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I am having problems turning on this relay: https://omronfs.omron.com/en_US/ecb/products/pdf/en-g6qe.pdf Using a transistor whose base is connected to a digital signal of an Arduino Nano. The schematic I am using is attached. I have tried both, BC558 (PNP) and BC549 (NPN) transistors. Neither of these works. I would've figured the PNP should work because it is a high side switch but it almost seems that the Arduino Nano does not supply enough current to switch on the transistor. That is because when hooking the transistor's base straight to a power supply it does work but once again the Nano just can't seem to handle it. I am pretty novice at this so I am looking for some help. What am I missing here? Thanks in advancemy schematic

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    \$\begingroup\$ you need a diode in parallel to relay coil. \$\endgroup\$ – Fernando Baltazar Mar 22 at 6:39
  • \$\begingroup\$ What is the I/O pin voltages for your MCU? \$\endgroup\$ – jonk Mar 22 at 6:47
  • \$\begingroup\$ about 4.8 to 5v but it fluctuates a little. Could a flyback diode be the reason? I didn't think that would change the transistor's on capability? \$\endgroup\$ – thisissparzo Mar 22 at 6:53
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    \$\begingroup\$ " I didn't think that would change the transistor's on capability" it could indeed kill your BJT straightaway (or permanently alter its characteristics at each switch-off, when the coil overvoltage happens). \$\endgroup\$ – Lorenzo Donati Mar 22 at 7:06
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    \$\begingroup\$ Replace the relay with a 1k resistor and small red or green LED and test it. If the circuit you've draw works with 5 V on the base then the transistor is short-circuited between base and collector or else it isn't a PNP. \$\endgroup\$ – Transistor Mar 22 at 7:27
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schematic

simulate this circuit – Schematic created using CircuitLab

Do something like the above. You have the following problems:

  1. You need a better transistor (and you have damaged the one you have anyway)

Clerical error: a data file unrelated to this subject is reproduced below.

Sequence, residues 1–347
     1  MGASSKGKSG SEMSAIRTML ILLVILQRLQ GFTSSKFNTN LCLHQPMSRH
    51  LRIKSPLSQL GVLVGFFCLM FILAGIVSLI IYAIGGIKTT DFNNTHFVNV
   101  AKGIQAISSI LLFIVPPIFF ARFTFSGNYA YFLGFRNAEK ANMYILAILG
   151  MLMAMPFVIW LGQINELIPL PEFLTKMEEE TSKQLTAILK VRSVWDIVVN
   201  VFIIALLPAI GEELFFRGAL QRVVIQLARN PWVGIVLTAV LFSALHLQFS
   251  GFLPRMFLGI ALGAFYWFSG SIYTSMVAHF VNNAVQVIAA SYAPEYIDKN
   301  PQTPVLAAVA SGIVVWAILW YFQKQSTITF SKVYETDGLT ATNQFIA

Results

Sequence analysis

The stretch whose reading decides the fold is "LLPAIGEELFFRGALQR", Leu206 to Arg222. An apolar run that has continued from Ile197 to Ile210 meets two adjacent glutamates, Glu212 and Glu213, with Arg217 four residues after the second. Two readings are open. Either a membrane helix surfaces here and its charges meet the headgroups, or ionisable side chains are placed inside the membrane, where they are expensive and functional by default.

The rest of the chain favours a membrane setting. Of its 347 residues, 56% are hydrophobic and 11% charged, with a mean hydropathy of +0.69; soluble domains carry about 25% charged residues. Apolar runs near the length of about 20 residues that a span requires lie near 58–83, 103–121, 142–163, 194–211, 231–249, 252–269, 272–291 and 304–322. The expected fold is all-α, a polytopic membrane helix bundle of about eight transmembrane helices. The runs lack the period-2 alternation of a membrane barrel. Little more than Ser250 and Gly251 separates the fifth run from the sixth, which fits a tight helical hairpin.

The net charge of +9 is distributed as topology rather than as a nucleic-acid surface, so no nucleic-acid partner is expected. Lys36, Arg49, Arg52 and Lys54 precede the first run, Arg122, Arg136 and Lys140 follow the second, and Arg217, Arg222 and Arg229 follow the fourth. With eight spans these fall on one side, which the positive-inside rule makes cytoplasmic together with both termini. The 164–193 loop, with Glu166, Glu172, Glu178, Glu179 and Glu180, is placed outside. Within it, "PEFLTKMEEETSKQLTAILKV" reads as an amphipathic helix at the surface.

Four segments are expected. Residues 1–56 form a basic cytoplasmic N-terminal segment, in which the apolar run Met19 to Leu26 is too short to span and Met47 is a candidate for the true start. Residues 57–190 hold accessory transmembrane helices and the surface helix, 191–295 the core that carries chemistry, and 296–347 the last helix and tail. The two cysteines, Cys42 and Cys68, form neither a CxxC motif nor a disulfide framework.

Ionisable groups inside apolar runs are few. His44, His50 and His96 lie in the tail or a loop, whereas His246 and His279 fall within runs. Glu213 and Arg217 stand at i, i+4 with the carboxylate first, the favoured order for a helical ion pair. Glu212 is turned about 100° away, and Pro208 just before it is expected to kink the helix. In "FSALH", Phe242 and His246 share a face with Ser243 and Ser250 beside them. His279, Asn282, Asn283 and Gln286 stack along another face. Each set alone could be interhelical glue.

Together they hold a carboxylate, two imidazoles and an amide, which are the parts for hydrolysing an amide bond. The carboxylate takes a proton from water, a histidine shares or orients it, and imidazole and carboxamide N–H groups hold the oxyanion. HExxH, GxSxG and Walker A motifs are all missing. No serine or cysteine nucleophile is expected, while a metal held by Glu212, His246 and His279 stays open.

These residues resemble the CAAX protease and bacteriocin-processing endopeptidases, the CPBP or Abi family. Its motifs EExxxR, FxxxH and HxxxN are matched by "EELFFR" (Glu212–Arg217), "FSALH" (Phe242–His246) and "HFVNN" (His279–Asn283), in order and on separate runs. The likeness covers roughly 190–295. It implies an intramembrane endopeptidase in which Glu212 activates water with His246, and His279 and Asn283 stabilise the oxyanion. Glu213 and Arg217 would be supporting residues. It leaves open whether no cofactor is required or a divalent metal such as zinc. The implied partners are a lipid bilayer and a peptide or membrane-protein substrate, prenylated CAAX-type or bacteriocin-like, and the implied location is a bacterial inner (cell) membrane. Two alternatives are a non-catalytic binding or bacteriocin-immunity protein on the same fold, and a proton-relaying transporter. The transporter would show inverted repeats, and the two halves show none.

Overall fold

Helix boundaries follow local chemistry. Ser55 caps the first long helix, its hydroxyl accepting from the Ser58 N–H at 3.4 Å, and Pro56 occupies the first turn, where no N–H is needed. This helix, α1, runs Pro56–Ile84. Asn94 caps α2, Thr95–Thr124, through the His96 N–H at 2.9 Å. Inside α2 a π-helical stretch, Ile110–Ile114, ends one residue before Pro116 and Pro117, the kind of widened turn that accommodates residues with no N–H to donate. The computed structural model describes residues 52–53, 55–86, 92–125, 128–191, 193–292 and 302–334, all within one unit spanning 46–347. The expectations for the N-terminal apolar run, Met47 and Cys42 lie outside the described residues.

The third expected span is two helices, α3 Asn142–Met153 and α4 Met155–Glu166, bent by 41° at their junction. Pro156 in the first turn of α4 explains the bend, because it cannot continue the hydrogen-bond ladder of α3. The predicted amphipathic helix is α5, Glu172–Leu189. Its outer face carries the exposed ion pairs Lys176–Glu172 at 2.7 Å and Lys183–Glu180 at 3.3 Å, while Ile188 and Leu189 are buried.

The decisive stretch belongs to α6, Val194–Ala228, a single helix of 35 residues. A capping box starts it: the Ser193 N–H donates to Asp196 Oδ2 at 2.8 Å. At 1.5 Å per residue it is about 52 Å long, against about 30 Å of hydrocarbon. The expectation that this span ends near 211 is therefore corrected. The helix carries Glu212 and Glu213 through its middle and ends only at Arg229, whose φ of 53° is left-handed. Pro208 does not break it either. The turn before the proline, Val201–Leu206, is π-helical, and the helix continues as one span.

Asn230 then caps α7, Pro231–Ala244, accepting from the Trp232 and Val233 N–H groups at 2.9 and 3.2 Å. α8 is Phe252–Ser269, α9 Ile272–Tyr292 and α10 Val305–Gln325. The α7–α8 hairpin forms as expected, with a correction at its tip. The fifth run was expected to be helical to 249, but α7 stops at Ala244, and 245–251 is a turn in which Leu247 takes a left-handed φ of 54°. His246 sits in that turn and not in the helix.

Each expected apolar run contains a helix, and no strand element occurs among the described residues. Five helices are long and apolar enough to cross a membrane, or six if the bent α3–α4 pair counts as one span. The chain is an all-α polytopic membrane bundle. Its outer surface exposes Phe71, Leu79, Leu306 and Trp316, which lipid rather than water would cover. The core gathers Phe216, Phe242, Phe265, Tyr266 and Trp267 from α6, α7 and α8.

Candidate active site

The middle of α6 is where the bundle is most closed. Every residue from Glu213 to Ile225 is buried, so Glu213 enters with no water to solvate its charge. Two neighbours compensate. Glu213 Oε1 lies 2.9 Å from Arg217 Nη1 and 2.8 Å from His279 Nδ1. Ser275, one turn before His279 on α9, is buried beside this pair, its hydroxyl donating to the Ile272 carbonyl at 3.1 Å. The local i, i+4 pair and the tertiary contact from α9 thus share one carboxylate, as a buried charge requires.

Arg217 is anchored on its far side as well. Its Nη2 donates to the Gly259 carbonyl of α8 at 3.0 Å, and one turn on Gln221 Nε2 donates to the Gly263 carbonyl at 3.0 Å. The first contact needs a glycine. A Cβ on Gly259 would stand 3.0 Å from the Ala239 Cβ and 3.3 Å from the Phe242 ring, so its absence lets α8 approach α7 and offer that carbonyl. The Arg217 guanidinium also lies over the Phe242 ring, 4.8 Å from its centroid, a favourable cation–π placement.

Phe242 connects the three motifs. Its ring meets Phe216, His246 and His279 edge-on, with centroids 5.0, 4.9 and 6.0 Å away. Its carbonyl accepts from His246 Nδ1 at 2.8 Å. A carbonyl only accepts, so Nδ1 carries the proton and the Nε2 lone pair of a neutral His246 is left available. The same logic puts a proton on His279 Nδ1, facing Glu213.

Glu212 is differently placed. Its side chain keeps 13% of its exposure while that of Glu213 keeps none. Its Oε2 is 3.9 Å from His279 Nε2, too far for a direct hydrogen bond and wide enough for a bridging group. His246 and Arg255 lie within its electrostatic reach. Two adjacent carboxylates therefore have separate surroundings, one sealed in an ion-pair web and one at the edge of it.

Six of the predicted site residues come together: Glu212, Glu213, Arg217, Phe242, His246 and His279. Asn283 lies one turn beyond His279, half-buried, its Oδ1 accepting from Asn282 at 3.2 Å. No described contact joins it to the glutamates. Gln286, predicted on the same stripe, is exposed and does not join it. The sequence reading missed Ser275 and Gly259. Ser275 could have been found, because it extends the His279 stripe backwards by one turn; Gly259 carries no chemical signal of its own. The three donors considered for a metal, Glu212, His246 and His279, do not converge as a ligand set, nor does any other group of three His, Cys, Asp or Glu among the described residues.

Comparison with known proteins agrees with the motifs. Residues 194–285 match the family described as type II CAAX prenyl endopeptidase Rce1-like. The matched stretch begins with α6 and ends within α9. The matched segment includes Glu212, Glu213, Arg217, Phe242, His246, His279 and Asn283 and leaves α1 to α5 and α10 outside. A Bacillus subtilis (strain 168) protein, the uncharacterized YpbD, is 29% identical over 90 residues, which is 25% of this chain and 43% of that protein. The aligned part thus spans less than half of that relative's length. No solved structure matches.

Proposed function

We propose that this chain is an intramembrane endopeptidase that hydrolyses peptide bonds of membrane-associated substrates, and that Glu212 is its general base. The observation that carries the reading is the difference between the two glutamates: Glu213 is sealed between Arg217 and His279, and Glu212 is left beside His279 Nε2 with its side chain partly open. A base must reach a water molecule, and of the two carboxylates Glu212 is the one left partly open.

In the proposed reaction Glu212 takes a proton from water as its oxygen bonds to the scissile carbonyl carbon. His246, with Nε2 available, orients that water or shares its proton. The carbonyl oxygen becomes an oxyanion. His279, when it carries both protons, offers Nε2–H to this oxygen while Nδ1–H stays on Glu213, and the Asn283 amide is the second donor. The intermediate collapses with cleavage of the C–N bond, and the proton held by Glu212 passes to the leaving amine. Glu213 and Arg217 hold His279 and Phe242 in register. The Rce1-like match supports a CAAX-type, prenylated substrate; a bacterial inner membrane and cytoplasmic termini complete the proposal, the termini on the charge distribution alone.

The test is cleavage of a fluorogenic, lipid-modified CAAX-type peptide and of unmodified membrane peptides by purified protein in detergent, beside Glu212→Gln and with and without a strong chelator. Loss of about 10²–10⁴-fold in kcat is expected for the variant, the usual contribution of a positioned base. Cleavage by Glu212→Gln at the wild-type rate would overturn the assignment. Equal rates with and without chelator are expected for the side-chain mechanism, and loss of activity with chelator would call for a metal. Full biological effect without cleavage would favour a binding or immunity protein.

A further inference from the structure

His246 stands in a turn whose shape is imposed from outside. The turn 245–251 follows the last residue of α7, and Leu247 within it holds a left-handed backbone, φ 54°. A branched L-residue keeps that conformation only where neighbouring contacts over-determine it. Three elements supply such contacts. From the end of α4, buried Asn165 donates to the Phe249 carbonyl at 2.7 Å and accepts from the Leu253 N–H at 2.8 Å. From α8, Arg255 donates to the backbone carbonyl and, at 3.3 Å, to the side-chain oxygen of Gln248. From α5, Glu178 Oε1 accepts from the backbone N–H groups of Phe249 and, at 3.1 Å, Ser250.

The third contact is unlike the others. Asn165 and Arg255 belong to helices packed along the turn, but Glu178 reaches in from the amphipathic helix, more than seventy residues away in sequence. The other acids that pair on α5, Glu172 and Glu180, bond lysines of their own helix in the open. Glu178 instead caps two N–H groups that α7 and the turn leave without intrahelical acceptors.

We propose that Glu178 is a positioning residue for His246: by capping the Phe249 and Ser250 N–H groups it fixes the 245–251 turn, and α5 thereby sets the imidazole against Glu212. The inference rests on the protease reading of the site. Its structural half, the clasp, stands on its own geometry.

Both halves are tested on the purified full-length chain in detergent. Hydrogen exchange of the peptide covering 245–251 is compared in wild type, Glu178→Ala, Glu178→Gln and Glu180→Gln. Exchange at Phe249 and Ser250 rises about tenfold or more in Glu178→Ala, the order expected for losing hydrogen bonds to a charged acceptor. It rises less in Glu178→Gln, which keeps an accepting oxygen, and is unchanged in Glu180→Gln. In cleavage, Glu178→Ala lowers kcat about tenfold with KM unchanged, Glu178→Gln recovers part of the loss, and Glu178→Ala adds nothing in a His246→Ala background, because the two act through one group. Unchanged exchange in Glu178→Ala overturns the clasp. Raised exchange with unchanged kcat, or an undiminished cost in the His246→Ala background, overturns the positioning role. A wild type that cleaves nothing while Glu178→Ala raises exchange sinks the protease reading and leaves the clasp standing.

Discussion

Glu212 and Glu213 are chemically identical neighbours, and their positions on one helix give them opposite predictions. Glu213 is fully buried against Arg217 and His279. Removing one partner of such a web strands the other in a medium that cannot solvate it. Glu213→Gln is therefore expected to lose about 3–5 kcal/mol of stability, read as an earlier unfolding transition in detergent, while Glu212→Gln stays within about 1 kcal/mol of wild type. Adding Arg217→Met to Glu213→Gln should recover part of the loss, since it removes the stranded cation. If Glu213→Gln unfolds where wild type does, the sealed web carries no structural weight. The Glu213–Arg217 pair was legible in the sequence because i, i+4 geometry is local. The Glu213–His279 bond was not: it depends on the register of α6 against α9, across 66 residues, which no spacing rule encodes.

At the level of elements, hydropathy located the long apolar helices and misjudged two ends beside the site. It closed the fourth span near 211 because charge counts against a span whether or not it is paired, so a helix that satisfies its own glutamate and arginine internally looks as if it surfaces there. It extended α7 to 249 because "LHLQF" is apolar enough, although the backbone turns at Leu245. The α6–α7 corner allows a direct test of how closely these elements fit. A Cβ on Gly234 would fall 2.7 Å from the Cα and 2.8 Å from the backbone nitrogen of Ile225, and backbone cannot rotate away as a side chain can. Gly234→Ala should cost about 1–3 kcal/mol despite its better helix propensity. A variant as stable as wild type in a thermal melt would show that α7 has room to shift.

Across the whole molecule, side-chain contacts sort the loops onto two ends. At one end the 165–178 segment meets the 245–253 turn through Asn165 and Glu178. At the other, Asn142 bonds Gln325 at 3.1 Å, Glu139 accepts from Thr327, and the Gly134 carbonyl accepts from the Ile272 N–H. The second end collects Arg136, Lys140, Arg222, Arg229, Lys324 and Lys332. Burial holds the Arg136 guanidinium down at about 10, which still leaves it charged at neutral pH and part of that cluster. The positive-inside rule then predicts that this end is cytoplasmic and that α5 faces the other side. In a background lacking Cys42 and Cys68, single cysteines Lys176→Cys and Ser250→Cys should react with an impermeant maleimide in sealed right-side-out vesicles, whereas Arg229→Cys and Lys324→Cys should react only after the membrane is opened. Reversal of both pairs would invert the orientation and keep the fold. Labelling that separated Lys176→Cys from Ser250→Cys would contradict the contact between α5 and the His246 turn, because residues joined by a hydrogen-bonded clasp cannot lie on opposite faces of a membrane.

2. Even with a better transistor you need more base current to drive almost 300mA (but too much, as in grounded the base without a resistor, will damage the transistor)
  3. You need a flyback diode, or the transistor can be damaged by even one operation

Potential problems.

  1. Make sure your supply can handle the required current. Often it's better to use a higher voltage supply for the relay, such as 12V or 24V, which means less relay current (coil power will stay about the same) and this also helps avoid problems with the relay disrupting the MCU. That usually means using an NPN transistor since the circuit you are using won't work with a common-ground higher voltage supply (it would always be on).
  2. You can 'flip' the circuit so HIGH = ON if you want, just use a 2N4401 and make sure the diode polarity is reverse biased. Make sure you get the diode polarity correct from the beginning in either case or you'll need a new transistor.
  3. The base current is close to the maximum the MCU used in the Nano can supply. It would be nicer to use a MOSFET, however there are few appropriate MOSFETs available in through-hole packages so I have not suggested that. There are many, many available in SOT-23 and other SMT packages with stellar specs and those would be far preferable. AO3401 is one that works very well from 5V (or 3.3V). The circuit is similar to that with a PNP transistor however you may want to put 100K from gate to source in case the output is floated.

For what it's worth, just the other day, I lashed up a circuit with a relatively lower power relay (9V 360mW driven by an 8050 NPN transistor) driven by a Nano to run a test on an embedded system by interrupting and re-applying the power at random intervals.

enter image description here

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  • \$\begingroup\$ I ordered all of these components you suggested except for the MOSFETS. Do you think it will be more possible to work if I use the 24v variant of the relay which only draws around 50mA (I tried running my 5v relay at a higher voltage which didn't work but obviously, it was not meant for this). \$\endgroup\$ – thisissparzo Mar 22 at 22:44

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